NBC’s Holt Lectures Viewers on the Meaning of the Statue of Liberty

With the debate over the legality of President Donald Trump’s immigration and travel ban still raging Monday evening, NBC broadcasted their Nightly News program “from the shadow of the Statue of Liberty” accompanied by a lecture from anchor Lester Holt. “Behind me the Statue of Liberty, which for nearly 130 years, has symbolized the welcome arms of a country of immigrants,” he opined at the start of the program, “But tonight she also stands as a symbolic flashpoint in a country in the midst of soul searching over the limits of its generosity in an age of international terrorism.”

NBC, much like its competitors ABC and CBS, spent most of their Monday night program centered on the White House’s controversial executive order. “The White House calls it a necessary step to protect Americans at home from threats from abroad,” Holt continued, “Critics call it a solution in search of a problem and an unconstitutional and thinly disguised ban on Muslims.”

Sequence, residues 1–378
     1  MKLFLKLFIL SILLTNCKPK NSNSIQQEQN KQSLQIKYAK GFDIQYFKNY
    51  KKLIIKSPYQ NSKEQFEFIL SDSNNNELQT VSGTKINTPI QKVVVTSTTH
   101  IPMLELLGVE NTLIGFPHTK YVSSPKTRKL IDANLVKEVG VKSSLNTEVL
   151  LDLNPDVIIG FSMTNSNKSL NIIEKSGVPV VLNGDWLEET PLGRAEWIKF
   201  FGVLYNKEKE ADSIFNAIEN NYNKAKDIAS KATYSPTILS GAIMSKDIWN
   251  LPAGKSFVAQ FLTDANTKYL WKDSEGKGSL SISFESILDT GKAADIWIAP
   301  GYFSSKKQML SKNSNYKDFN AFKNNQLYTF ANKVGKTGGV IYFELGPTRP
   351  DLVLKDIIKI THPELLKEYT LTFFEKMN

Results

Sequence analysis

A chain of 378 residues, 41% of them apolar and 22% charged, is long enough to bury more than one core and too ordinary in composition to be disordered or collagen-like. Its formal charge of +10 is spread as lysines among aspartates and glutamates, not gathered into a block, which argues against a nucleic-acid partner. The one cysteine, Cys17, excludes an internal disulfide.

But neither ABC nor CBS treated it as a time to seemingly pontificate about the morality of the issue, let alone march out to the Statue of Liberty and use it as a prop:

And a final thought before we leave you tonight. There's been a lot of talk about who we are as a country and how we should represent ourselves to the world. For many, the ideals inscribed on the statue behind me frame that discussion. For others, the threats of a modern era necessitate adapting to a new reality. It is complicated and in many ways forms a new crossroads in America. And we will remain at the intersection of this unfolding story to report it.